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Models of care for sickle cell disease in low-income and lower-middle-income countries: a scoping review.

Lancet Haematology 2024 Februrary 30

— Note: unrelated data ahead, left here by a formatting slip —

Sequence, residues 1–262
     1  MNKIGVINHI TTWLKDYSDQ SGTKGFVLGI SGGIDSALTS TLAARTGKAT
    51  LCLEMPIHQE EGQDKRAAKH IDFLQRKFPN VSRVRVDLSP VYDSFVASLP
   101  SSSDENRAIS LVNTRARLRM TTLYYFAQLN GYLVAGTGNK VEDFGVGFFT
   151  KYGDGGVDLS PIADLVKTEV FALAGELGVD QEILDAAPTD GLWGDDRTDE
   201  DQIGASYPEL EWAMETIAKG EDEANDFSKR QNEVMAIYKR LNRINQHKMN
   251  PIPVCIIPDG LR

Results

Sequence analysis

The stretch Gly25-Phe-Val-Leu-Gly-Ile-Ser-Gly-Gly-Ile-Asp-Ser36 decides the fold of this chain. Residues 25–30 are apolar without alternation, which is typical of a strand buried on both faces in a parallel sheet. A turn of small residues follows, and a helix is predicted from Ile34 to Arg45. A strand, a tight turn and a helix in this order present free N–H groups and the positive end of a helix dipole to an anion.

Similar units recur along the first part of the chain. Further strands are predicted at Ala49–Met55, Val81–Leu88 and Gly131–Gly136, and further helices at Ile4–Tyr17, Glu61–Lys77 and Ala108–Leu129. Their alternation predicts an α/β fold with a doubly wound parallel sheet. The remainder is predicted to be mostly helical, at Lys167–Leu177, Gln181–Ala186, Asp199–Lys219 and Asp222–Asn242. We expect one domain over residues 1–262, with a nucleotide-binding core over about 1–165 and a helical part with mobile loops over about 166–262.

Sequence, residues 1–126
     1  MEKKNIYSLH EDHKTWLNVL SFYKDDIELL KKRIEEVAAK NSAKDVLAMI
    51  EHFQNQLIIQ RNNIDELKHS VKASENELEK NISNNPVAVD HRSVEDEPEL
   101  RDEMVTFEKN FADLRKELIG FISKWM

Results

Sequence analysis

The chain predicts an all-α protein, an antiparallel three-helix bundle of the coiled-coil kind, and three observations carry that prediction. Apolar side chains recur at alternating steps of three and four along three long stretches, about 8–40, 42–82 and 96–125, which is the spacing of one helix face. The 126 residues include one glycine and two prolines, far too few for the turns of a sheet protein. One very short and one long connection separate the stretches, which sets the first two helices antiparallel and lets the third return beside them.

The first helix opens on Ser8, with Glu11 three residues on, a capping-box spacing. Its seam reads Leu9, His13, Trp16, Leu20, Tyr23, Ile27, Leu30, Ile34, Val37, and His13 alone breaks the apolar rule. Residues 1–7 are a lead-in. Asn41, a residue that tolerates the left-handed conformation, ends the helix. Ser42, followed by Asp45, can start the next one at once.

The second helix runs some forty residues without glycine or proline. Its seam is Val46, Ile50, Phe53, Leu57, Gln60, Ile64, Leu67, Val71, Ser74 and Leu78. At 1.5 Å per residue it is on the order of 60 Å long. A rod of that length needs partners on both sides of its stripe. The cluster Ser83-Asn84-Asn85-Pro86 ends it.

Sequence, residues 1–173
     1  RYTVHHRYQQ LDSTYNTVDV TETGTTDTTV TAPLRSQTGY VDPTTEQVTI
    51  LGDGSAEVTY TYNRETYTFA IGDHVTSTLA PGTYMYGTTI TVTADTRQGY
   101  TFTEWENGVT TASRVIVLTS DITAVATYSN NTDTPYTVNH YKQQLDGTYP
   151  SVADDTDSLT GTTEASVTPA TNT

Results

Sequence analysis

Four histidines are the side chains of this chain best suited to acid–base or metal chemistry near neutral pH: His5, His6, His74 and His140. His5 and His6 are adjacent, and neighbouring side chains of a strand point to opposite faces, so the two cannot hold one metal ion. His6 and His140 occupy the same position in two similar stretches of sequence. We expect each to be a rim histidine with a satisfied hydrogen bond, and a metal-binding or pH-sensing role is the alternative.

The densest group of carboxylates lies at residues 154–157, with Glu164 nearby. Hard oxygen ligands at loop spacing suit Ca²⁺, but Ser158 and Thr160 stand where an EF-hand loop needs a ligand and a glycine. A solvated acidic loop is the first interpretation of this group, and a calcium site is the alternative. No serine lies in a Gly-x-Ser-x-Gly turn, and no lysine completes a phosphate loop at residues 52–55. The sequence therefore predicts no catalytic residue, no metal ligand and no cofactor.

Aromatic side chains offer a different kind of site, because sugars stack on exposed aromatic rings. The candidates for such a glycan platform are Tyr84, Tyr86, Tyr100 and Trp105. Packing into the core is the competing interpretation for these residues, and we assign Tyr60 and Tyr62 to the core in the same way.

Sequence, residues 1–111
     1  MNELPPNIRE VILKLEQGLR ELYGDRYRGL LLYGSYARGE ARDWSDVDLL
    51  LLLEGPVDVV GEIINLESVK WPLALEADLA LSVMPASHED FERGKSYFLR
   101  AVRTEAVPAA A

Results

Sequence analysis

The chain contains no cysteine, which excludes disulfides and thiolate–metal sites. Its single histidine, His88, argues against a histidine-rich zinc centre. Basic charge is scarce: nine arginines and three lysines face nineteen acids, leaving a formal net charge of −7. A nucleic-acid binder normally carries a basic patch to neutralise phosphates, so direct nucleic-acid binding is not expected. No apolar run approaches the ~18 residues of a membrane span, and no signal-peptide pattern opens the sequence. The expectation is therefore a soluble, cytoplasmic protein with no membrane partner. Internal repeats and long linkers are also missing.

Sickle cell disease has a growing global burden falling primarily on low-income countries (LICs) and lower-middle-income countries (LMICs) where comprehensive care is often insufficient, particularly in rural areas. Integrated care models might be beneficial for improving access to care in areas with human resource and infrastructure constraints. As part of the Centre for Integration Science's ongoing efforts to define, systematise, and implement integrated care delivery models for non-communicable diseases (NCDs), this Review explores models of care for sickle cell disease in LICs and LMICs. We identified 99 models from 136 studies, primarily done in tertiary, urban facilities in LMICs. Except for two models of integrated care for concurrent treatment of other conditions, sickle cell disease care was mostly provided in specialised clinics, which are low in number and accessibility. The scarcity of published evidence of models of care for sickle cell disease and integrated care in rural settings of LICs and LMICs shows a need to implement more integrated models to improve access, particularly in rural areas. PEN-Plus, a model of decentralised, integrated care for severe chronic non-communicable diseases, provides an approach to service integration that could fill gaps in access to comprehensive sickle cell disease care in LICs and LMICs.

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